I have been reading Henri Nouwen during Lent. The latest of my reading has been his In the Name of Jesus: Reflections on Christian Leadership. Though it was published in 1989, I find it as timely as anything published tomorrow.
This book is a collection of essays or speeches Nouwen put together for a conference at Church of the Savior in Washington D.C. They come not long after he left Harvard to become a part of the L’Arche community in Toronto, where he lived with mentally-handicapped adults.
Perhaps you can imagine going from faculty positions at Notre Dame, Yale, then Harvard, to living in community with mentally handicapped adults. I can, but only as a matter of scale.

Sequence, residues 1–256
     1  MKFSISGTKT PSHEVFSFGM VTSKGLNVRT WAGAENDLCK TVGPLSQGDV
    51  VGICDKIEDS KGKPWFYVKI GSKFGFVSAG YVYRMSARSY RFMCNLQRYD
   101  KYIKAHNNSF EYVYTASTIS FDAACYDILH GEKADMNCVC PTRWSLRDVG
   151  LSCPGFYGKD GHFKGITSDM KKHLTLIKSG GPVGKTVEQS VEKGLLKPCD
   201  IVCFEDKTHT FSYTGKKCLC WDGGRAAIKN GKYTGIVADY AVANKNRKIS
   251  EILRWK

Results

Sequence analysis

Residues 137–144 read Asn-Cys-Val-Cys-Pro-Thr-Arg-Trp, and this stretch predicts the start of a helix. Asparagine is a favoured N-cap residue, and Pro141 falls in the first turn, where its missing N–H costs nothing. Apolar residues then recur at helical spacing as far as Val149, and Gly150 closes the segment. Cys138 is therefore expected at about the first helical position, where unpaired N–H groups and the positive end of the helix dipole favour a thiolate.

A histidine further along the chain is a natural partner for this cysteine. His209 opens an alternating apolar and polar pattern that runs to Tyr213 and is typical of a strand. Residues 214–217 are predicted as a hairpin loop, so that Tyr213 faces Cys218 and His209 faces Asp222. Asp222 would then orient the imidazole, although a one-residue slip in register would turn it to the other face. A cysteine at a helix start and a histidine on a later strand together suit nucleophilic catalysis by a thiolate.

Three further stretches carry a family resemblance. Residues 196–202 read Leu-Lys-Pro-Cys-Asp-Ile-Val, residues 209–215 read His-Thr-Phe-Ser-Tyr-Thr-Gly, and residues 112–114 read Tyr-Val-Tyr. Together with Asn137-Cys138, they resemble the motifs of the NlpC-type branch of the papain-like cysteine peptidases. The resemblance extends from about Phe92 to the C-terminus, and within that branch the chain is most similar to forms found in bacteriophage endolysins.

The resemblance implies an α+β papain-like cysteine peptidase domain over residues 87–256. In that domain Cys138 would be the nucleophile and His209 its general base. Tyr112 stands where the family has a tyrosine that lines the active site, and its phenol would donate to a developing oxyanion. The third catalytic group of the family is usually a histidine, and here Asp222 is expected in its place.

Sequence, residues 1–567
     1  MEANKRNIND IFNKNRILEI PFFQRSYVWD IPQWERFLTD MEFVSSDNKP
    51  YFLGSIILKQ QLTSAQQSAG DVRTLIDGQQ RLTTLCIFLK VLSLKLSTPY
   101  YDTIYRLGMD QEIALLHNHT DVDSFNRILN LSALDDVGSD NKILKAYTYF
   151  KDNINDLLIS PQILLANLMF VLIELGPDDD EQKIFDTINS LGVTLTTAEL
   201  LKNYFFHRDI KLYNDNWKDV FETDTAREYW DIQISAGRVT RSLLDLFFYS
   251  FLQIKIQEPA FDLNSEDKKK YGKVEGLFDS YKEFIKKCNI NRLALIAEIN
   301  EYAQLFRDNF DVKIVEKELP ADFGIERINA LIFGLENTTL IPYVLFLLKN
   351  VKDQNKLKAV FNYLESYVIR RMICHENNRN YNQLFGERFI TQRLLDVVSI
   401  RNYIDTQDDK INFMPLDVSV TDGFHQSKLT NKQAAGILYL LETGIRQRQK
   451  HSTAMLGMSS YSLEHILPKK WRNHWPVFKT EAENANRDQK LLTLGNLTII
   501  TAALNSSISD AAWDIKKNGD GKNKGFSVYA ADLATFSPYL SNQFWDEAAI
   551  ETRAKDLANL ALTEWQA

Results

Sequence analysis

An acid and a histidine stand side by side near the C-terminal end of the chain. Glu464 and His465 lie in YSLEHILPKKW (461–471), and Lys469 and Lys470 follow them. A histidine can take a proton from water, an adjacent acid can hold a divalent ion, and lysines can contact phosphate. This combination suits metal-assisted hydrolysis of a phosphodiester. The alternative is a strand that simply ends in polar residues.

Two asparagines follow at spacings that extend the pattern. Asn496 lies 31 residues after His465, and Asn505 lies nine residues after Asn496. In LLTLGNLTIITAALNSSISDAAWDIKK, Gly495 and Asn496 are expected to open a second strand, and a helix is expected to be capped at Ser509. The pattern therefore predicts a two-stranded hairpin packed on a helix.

I know the feeling of wanting to move up; to make connections, impress the right people, gain fame. As one clergy friend of mine once euphemistically described it, the desire “to impact as many people as possible on behalf of Jesus.”
Nouwen, however, brings me back to reality. There is a tendency in our society to mass-produce, to formulize, to hunger and thirst after bigness.
As Mark Yaconelli reminds us, after three years, “Jesus had twelve followers, and one of them wanted to kill him.”
I contend now, I think in line with Nouwen, that the more we try to “impact” greater numbers of people, the less impact we finally have with any of them. It’s like we are doing discipleship as drive-by: hit-em with Jesus, move on.
Christian Leadership happens, Nouwen shows us by his life and in this book, when we refuse to move on.
Go and do likewise.